Listening to Miles Davis' originally released version of In a Silent Way in light of the complete sessions released by Sony in 2001 (Columbia Legacy 65362) reveals just how strategic and dramatic a studio construction it was. If one listens to Joe Zawinul's original version of "In a Silent Way," it comes across as almost a folk song with a very pronounced melody. The version Miles Davis and Teo Macero assembled from the recording session in July of 1968 is anything but. There is no melody, not even a melodic frame. There are only vamps and solos, grooves layered on top of other grooves spiraling toward space but ending in silence.
Though BITCHES BREW has attained iconic status as one of the most important, progressive statements … Full Descriptionin post-bop jazz history, it's predecessor IN A SILENT WAY–though less widely acknowledged–was perhaps even more revolutionary for its dissolution of the songform-oriented cool jazz approach and introduction of electric instruments. This three-disc set, featuring all the material laid down in those vaunted 1969 sessions, is a revelatory sonic document that further illuminates the maverick genius of Miles Davis. In addition to the original SILENT WAY tracks as we know them, there are previously unheard compositions and alternate versions that shed new light on Miles's process. "The Ghetto Walk," for example, which was never released before in any form is a slow-burner that features some of new arrival John McLaughlin's most expansive, questing guitar work (partially due to Miles's penchant for springing new, unrehearsed material on his musicians). The shifting, kaleidoscopic keyboard work of Chick Corea, Herbie Hancock, and Joe Zawinul (what a trio!), gives another undiscovered gem "Early Minor" a haunting, ethereal feel. Additionally, the full, unedited versions of tunes included on the original album give an idea of producer Teo Macero's groundbreaking cut-and-paste editing process. For anyone interested in the evolution of modern jazz, THE COMPLETE IN A SILENT WAY SESSIONS is an essential item.
Could there be any more confrontational sound in Miles Davis' vast catalog than the distorted guitars and tinny double-timing drums reacting to a two-note bass riff funking it up on the first track from On the Corner? Before the trumpet even enters the picture, the story has been broken off somewhere in the middle, with deep street music melding with a secret language held within the band and those who can actually hear this music – certainly not the majority of Miles' fan base built up over the past 25 years.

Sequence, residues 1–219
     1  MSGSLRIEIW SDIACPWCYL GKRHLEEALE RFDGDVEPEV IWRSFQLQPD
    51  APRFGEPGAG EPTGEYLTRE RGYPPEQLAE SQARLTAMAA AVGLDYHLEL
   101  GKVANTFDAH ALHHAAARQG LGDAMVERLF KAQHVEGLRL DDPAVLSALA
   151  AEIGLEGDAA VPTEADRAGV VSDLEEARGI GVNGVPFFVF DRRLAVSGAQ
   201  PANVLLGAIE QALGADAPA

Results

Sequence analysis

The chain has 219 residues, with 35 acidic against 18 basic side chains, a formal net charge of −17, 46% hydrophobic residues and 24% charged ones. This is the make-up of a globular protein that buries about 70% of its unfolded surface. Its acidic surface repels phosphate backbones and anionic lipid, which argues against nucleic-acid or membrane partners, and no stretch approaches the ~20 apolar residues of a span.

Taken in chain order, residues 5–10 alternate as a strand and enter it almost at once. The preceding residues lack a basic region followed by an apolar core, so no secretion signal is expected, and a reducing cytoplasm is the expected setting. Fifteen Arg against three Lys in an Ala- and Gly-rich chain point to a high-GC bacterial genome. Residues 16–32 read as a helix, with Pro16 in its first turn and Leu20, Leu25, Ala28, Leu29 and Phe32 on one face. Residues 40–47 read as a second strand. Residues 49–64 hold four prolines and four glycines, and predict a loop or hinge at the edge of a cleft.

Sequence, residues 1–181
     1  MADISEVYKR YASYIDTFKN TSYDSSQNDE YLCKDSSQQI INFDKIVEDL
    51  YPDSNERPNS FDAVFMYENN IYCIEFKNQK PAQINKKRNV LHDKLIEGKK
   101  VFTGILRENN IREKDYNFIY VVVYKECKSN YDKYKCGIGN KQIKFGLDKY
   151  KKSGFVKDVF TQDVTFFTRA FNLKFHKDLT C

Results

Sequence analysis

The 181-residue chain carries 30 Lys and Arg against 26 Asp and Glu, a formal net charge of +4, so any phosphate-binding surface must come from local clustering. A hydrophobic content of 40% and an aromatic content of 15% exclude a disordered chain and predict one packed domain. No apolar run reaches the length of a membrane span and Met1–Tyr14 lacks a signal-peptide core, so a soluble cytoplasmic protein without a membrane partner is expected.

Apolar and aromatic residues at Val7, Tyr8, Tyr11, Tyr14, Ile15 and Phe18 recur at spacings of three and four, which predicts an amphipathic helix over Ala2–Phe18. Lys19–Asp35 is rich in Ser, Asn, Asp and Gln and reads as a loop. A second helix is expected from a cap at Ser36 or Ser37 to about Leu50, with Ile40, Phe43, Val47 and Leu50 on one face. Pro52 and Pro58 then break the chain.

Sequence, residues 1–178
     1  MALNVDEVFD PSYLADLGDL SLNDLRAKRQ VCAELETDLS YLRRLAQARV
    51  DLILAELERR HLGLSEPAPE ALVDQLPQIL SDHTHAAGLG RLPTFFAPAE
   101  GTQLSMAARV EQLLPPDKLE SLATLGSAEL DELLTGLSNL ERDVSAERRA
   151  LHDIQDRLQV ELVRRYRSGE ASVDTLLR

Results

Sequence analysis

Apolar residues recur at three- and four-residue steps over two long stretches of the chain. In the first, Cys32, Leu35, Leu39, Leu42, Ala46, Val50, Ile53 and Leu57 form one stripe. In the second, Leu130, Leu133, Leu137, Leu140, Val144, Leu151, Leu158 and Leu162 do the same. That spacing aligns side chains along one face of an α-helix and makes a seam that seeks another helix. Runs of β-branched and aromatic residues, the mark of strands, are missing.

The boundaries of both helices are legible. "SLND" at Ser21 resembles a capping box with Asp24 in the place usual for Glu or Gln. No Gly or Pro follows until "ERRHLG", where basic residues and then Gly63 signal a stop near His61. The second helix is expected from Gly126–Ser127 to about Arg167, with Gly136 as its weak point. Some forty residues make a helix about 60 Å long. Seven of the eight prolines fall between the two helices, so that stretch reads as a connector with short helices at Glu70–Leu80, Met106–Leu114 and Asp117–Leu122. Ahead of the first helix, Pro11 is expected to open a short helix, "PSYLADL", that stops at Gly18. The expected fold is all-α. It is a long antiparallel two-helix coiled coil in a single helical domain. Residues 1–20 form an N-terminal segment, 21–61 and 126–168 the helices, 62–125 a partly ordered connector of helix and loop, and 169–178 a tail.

With IN A SILENT WAY, the elements of popular music, blues and electronics that had been implicit in Miles Davis' previous recordings now came center stage, and the trumpeter never looked back again. IN A SILENT WAY is Miles' BIRTH OF THE COOL/MILES AHEAD/KIND OF BLUE for the rock generation. Gone are the rhythmic and harmonic trappings of bebop. In their place, Miles conjures a hypnotic, subliminal dance pulse and an airy, celestial drone of electric keyboards. Miles fell in love with the bell tones and flute-like textures of Fender/Rhodes electric pianos, and in the hands of Herbie Hancock, Chick Corea and Joe Zawinul (who doubles on organ), they create layer upon layer of choral texture, in great reverberant washes of color and counterpoint.
In a Silent Way is a studio album by American jazz musician Miles Davis, released July 30, 1969 on Columbia Records. Produced by Teo Macero, the album was recorded in one session date on February 18, 1969 at CBS 30th Street Studio B in New York City. Incorporating elements of classical sonata form, Macero edited and arranged Davis's recordings from the session to produce the album. Marking the beginning of his "electric" period, In a Silent Way has been regarded by music writers as Davis's first fusion recording, following a stylistic shift toward the genre in his previous records and live performances.
Miles Davis's famous mid-1960s quintet, featuring saxophonist Wayne Shorter and pianist Herbie Hancock, was intact until just a few weeks before his new, electric ensemble recorded "In a Silent Way". Legendary as a kind of line in the sand challenging jazz fans during the ascendance of electric, psychedelic rock, "In a Silent Way" hinted at the repetitive polyrhythms Davis would employ throughout the early 1970s. It also partook generously of electric piano and bass and rekindled the tonal palette that Davis had explored famously with Kind of Blue. But "In a Silent Way" remains a clearly electric jazz record, part ambient color exploration, part rock-inflected energy and vibe, and part outright maverick creativity. Davis takes many long, breathy solos, and they glisten in a burnished blue against his new group's strange admixture of musical moods.